Beijing’s diplomatic mission in the UK has urged British authorities to take action against the demonstrators. The Chinese embassy in London issued a statement condemning the people who burned their national flag and “assaulted the Embassy building”.
In the statement, the China’s ambassador to the UK, Liu Xiaoming said: “In blatant, flagrant and abominable acts of vandalizing and insult in front of the Chinese Embassy in the UK, a dozen ‘Hong Kong independence’ rioters set fire to the national flag of China, assaulted the main gate of the Embassy building and put up ‘Hong Kong independence’ slogans on the gate.”
He expressed “strong indignation and condemnation” against the “despicable acts” that took place on Thursday.
But the British Government argued that people in the UK have the right to demonstrate their views.
A Government spokesman said: “People in the UK have the right to gather together and to demonstrate their views, provided that they do so within the law.
“The UK takes its obligation to protect diplomatic buildings and personnel seriously.”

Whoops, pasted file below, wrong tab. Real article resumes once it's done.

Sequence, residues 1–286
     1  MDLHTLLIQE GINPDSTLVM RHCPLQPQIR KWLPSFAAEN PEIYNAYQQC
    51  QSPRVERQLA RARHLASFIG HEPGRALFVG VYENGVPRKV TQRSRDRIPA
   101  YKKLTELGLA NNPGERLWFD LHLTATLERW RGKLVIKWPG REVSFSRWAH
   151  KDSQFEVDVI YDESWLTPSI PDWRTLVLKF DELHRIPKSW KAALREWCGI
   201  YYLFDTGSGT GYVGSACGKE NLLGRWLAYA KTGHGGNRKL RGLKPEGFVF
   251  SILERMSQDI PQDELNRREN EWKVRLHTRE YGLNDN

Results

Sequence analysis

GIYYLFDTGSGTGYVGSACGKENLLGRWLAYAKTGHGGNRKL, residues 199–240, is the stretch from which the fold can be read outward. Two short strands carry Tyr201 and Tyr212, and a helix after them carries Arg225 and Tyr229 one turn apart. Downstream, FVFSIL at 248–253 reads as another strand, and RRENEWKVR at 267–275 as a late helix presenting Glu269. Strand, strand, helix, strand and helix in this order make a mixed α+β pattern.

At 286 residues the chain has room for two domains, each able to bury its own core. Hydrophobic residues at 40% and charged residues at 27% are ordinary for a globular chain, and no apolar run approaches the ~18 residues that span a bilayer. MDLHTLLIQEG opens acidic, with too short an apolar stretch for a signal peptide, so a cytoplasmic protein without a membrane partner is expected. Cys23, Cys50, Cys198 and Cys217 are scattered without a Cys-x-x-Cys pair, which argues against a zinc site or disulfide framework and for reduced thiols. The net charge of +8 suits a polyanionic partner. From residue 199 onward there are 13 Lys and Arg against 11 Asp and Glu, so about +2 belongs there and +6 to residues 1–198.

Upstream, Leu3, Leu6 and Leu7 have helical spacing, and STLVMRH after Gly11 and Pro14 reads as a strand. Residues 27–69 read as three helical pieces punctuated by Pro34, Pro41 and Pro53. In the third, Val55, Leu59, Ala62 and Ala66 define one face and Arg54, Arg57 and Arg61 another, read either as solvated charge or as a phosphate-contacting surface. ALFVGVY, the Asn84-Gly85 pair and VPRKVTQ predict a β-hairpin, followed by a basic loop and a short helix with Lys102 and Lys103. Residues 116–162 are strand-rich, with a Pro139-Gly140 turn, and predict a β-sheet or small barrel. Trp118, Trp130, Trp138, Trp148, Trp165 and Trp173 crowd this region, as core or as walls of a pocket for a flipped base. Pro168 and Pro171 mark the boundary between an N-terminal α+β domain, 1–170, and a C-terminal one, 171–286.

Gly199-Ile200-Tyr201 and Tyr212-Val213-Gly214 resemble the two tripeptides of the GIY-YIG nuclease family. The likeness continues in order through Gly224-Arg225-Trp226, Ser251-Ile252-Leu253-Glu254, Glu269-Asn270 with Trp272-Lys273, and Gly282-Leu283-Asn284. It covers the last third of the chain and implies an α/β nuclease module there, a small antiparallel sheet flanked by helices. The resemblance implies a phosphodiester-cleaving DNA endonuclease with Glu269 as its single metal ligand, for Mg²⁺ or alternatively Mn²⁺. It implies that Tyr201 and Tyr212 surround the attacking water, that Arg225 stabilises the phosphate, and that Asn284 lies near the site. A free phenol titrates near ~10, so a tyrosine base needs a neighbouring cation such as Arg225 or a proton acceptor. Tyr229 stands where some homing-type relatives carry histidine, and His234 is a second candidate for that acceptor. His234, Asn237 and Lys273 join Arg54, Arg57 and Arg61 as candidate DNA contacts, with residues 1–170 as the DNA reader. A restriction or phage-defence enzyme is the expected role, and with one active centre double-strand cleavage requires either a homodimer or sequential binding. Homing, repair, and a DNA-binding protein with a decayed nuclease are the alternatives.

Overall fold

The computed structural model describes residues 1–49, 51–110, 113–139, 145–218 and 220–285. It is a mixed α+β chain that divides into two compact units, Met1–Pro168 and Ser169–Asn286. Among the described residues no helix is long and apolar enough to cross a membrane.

The protestors reportedly trampled on and burned several Chinese flags while others threw liquid on the Embassy’s gate and attached anti-Beijing posters.
The demonstrators also allegedly kicked and beat the gate with wooden sticks.
The group chanted the slogans “Hong Kong independence, the only way” and “Liberate Hong Kong; revolution of our times” as well as singing Glory to Hong Kong, the anthems of last year’s Hong Kong protests.
However, the Chinese embassy in the UK urged the Government to ensure the safety of its consulates in Manchester, Belfast and Edinburgh.
Mr Lui said: “The Chinese embassy in the UK also urges the UK side to take concrete measures to fulfil its responsibilities as the receiving state [and] safeguard the inviolability of diplomatic and consular missions.”
Separately a ‘Global Day of Action’ saw a message projected by the World Uyghur Congress onto the Houses of Parliament in London.
The messaged urged people to “stand up against China’s attack on human rights”.
China has face international criticism over its alleged persecution of Uyghur Muslims in the country.
The minority group live mostly in the Xinjiang province in northwestern China.
Beijing has detained up to a million Uyghurs over recent years in what China calls “re-education camps”.
China initially denied the existence of the camps but then said they were crucial to fight against separatist violence in Xinjiang.
In July, UK Foreign Secretary Dominic Raab accused Beijing of “gross and egregious” human rights abuses against the minority Muslim group.
Protesters have been gathering outside the Chinese embassy in London every Friday chanting the slogans “Free Hong Kong”, “Free Uyghurs” and “Free Tibet”.